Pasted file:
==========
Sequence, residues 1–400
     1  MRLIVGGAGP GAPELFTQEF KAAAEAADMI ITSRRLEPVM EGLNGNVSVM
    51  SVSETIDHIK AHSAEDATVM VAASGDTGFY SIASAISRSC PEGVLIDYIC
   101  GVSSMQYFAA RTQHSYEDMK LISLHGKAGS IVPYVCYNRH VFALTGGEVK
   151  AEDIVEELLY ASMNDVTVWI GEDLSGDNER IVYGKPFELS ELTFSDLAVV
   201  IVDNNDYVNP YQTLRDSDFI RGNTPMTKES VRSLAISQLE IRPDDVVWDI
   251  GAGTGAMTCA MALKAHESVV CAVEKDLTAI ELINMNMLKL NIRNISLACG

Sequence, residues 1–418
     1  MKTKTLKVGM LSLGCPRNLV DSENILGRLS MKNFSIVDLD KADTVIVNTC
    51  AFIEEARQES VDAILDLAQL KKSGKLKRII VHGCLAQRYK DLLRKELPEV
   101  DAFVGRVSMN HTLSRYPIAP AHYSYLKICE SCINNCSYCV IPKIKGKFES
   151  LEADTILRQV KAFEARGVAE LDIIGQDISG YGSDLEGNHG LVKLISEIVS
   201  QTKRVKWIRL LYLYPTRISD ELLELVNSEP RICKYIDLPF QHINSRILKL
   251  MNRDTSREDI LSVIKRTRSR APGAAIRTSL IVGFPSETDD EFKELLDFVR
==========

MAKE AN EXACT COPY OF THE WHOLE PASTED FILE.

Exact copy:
Sequence, residues 1–400
     1  MRLIVGGAGP GAPELFTQEF KAAAEAADMI ITSRRLEPVM EGLNGNVSVM
    51  SVSETIDHIK AHSAEDATVM VAASGDTGFY SIASAISRSC PEGVLIDYIC
   101  GVSSMQYFAA RTQHSYEDMK LISLHGKAGS IVPYVCYNRH VFALTGGEVK
   151  AEDIVEELLY ASMNDVTVWI GEDLSGDNER IVYGKPFELS ELTFSDLAVV
   201  IVDNNDYVNP YQTLRDSDFI RGNTPMTKES VRSLAISQLE IRPDDVVWDI
   251  GAGTGAMTCA MALKAHESVV CAVEKDLTAI ELINMNMLKL NIRNISLACG

Sequence, residues 1–418
     1  MKTKTLKVGM LSLGCPRNLV DSENILGRLS MKNFSIVDLD KADTVIVNTC
    51  AFIEEARQES VDAILDLAQL KKSGKLKRII VHGCLAQRYK DLLRKELPEV
   101  DAFVGRVSMN HTLSRYPIAP AHYSYLKICE SCINNCSYCV IPKIKGKFES
   151  LEADTILRQV KAFEARGVAE LDIIGQDISG YGSDLEGNHG LVKLISEIVS
   201  QTKRVKWIRL LYLYPTRISD ELLELVNSEP RICKYIDLPF QHINSRILKL
   251  MNRDTSREDI LSVIKRTRSR APGAAIRTSL IVGFPSETDD EFKELLDFVR